Eliminating waste in a process
The Lean Procurement strategy uses the fundamentals of Lean Manufacturing principles. CIC understands the culture, the time that needs to be saved and has the expertise to implement.
Lean Manufacturing is a focus on optimizing productivity, eliminating waste and implementing continuous improvement. This can occur on the plant floor or anywhere in a company. For the culture at a Lean Company to succeed, all employees must participate and all should be listened to. It starts at the top.
- All departments can benefit from Lean.
- Every process can improve.
- All departments depend on each other.
- Success requires ‘top down’ commitment.
- Lean is a culture.
- Processes can be either transactional or production.
- Processes can be from the plant floor or the administrative office.
- Procurement of supplies is just another process to improve.
Lean Manufacturing will eliminate waste & optimize productivity in the processes of making your product. The Lean Procurement strategy applies the same principles to the procurement process.
Listening to people
Kaizen groups, which are commonly referred to as ‘continuous improvement’ sessions, are common methods for identifying and examining the problems in a process. The Kaizen organizes a solution recommendation for management.
- Made up of employees from multi departments.
- Meet for the sole purpose of improving a process.
- Organizes a solution for management.
Input from people outside the process helps find a solution.
Who Started Lean Manufacturing?
Lean was first seen in concept by Ford motor company with the assembly line and later refined in Japan by the Toyota Motor Company beginning in the 1950s. Called the Toyota Production System, or TPS, it was defined as, “…A philosophical approach to business that is based on satisfying the customer by producing quality products that are just what they need, when they need them, in the quantity required, using the minimum of materials, equipment, space, labor and time.”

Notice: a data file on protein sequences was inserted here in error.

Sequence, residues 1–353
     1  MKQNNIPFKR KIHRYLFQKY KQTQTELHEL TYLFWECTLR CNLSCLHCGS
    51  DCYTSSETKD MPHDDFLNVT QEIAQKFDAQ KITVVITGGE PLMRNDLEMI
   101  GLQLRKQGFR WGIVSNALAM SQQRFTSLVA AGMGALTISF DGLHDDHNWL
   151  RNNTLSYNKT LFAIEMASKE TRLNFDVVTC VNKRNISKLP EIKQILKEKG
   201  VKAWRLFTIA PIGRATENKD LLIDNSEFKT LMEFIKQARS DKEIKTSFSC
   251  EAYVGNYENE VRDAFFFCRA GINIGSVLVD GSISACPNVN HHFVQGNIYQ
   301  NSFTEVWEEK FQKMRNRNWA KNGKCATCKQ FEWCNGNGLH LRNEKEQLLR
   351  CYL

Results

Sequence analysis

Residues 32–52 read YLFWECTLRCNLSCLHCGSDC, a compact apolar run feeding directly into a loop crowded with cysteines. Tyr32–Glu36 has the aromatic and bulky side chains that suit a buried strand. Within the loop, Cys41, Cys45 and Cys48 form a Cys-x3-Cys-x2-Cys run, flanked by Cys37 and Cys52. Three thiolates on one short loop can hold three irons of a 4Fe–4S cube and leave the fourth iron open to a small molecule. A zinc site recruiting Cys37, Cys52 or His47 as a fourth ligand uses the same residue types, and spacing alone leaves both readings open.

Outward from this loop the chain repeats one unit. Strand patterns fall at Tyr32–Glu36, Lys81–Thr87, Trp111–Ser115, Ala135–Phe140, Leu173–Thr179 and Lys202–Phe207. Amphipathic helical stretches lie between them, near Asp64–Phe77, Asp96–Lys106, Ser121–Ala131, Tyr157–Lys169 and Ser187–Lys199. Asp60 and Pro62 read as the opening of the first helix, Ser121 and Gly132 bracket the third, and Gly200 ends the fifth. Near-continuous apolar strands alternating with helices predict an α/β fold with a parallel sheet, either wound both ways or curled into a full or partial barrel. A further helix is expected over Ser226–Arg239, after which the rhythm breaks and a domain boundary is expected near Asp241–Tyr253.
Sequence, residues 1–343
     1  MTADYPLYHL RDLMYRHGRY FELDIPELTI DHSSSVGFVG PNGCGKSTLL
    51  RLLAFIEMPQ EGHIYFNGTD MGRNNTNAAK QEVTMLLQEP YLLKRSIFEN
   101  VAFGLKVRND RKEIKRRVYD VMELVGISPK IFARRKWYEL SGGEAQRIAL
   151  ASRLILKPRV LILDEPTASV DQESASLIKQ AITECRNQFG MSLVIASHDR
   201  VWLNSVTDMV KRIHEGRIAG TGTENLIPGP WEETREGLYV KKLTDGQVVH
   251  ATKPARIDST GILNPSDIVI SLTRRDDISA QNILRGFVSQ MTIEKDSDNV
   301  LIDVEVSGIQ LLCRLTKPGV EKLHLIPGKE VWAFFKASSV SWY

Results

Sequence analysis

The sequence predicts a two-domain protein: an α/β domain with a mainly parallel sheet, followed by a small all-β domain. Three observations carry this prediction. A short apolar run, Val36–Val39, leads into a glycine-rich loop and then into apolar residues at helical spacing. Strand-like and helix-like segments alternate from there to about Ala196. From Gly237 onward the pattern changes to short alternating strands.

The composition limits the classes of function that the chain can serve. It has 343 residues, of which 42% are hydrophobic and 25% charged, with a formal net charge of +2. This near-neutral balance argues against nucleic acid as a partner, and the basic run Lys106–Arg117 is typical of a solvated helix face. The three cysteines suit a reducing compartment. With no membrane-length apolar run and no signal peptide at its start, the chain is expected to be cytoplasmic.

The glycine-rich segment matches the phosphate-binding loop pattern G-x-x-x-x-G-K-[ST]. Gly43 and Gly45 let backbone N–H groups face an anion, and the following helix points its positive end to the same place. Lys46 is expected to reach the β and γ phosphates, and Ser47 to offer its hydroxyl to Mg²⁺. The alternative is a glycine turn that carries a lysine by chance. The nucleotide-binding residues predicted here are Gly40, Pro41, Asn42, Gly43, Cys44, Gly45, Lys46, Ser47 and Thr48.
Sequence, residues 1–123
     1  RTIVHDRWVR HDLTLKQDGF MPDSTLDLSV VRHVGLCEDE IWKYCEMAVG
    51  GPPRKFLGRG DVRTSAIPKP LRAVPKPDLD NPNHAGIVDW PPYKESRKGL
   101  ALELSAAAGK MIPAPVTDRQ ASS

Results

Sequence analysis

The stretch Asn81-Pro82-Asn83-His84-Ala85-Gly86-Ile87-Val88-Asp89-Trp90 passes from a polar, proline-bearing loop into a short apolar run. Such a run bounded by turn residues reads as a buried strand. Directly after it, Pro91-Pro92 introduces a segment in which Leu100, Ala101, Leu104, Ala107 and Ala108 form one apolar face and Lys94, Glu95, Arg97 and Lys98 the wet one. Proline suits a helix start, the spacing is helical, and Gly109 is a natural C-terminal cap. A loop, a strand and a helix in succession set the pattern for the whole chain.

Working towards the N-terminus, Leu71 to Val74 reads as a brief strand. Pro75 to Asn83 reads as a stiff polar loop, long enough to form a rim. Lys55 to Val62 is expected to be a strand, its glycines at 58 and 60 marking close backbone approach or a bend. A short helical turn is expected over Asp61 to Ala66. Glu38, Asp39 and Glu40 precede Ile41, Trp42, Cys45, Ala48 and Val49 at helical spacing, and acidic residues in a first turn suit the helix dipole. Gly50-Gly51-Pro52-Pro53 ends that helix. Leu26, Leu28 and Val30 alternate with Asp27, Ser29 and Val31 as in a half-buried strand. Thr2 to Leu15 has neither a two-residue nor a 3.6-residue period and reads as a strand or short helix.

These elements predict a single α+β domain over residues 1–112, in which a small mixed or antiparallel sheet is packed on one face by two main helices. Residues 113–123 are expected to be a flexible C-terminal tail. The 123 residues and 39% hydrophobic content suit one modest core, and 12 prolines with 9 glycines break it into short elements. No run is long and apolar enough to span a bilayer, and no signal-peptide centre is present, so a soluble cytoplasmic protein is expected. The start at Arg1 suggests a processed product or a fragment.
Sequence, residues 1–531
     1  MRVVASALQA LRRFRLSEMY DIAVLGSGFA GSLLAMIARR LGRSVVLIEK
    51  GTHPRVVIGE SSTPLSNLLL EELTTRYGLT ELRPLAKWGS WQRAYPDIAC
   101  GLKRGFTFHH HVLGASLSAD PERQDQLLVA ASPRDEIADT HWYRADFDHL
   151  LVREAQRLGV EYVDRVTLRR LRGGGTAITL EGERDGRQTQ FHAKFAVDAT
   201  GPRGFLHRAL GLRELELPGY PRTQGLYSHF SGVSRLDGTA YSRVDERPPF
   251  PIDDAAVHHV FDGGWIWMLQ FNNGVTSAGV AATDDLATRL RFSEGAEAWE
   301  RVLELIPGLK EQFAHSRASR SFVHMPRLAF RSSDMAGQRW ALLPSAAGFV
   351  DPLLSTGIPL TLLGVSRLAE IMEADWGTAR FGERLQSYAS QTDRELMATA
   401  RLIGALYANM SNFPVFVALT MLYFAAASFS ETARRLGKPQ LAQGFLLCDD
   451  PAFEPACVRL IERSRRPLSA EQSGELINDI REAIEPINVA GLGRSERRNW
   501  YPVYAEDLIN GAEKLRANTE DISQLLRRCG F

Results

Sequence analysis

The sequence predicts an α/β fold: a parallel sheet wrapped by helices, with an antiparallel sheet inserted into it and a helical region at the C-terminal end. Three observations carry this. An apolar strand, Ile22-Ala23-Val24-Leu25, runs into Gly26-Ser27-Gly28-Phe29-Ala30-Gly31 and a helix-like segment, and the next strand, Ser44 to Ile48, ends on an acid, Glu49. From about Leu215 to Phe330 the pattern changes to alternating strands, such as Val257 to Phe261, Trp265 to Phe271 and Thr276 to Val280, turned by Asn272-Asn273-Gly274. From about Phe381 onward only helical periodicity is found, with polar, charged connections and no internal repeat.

Most of the new ideas of Lean manufacturing are based on the work of Dr. William E. Demmings and Dr. Shigeo Shingo. The Toyota Motor Company was the first to introduce the combined system of ideas, which became known as Lean Manufacturing.
- Ford’s assembly line
- Toyota’s Production System (TPS) first introduced a combination of Lean principals called lean Manufacturing
Lean is a common sense method. Lean Procurement is the strategy developed by Consumers Interstate Corp and trademarked by Kenn Fischburg in 2005.
What Is the 5S Method?
The lean organization rules
‘5S’ is a methodology for organizing, cleaning, developing and sustaining a productive work environment. The objective is creating a neat, clutter-free working environment. The “5” and “S” come from the five Japanese words: seiri, seiton, seiso, seiketsu, and shitsuke. The English equivalents are; sort, set, shine, standardize, and sustain.
The benefits are better organization, safer workplaces, and reductions in inventories, reductions in misplaced equipment and an increase in productivity.